Berkenkotter vs. Cu Unjieng Digest (1935)

“A Loan that Became Real Property”


Mabalacat Sugar Central (MS Co) decided to improve its sugar cane mill, so it borrowed money from Mr. Berkenkotter. In exchange, MS Co mortgaged the sugar cane mill. When it received the loan, it purchased additional machinery and attached it to the existing sugar central. Again, they used that improved sugar central as security to borrow money from Cu Unjieng. Berkenkotter opposed this because he contends that: (1) The factory improvements made from his money should not be used as security for another loan. (2) He and MS Co had an agreement not to mortgage the sugar central. Court of First Instance Manila ruled in favor of MS Co on the ground that the improvements of the sugar mill are part of real property mortgage. Berkenkotter appealed to the Supreme Court:

Are improvements on machinery part of the building or real property? Yes.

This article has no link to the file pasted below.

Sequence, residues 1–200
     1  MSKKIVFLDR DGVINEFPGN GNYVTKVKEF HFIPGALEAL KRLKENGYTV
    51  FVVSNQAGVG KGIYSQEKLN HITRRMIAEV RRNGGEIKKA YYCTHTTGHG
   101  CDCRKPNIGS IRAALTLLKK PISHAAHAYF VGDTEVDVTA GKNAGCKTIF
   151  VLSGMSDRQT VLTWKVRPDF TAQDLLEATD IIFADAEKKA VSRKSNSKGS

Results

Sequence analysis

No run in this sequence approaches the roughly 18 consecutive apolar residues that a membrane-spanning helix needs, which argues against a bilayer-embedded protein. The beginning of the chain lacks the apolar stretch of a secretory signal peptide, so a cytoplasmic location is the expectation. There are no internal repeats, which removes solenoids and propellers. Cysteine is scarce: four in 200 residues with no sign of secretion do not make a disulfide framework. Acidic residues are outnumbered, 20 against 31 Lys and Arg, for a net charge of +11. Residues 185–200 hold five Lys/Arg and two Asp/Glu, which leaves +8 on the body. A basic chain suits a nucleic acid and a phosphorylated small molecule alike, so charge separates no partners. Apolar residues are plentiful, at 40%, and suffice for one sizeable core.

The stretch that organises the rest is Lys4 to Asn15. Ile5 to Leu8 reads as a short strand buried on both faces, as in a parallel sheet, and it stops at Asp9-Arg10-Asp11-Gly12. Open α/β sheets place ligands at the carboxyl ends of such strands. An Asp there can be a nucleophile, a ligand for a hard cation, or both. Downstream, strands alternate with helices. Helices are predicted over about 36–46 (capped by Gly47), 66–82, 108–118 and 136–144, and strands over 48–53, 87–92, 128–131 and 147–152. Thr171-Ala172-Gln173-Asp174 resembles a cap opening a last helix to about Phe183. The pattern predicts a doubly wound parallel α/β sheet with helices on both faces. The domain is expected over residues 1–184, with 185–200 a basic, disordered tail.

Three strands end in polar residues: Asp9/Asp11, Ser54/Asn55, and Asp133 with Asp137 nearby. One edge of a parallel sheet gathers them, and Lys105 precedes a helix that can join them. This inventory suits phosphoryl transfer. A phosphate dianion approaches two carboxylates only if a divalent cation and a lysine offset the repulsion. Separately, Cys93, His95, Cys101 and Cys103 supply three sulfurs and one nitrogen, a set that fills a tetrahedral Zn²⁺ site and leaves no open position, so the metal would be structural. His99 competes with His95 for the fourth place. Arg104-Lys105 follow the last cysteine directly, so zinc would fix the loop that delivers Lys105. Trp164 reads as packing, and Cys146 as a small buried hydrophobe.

• Article 1877 of the Old Civil Code: “a mortgage includes all… improvements”
  • Cea vs. Villanueva: “Mortgage of real estate includes improvements”

If the mortgagor (MS Co) violated his agreement with his creditor (Berkenkotter), will it change the nature of the machinery improvements? No.

  • Improvements made on the machinery (attached to the land as essential and principal elements for the industry) automatically converts them to immovable property. (Article 415 of the NCC)
  • What is the term for the improvements? “Immovable by incorporation.”

When you lend money to be used by the debtor as improvements, does that make you the owner of the improvements? No.

  • A creditor cannot exercise rights of ownership over the proceeds acquired by the money that he lent to his debtor.
  • Under Article 415(5) of the NCC, it must be the owner of the machinery that places them on the land or building as an essential and principal element of an industry, to convert such machineries to real property.

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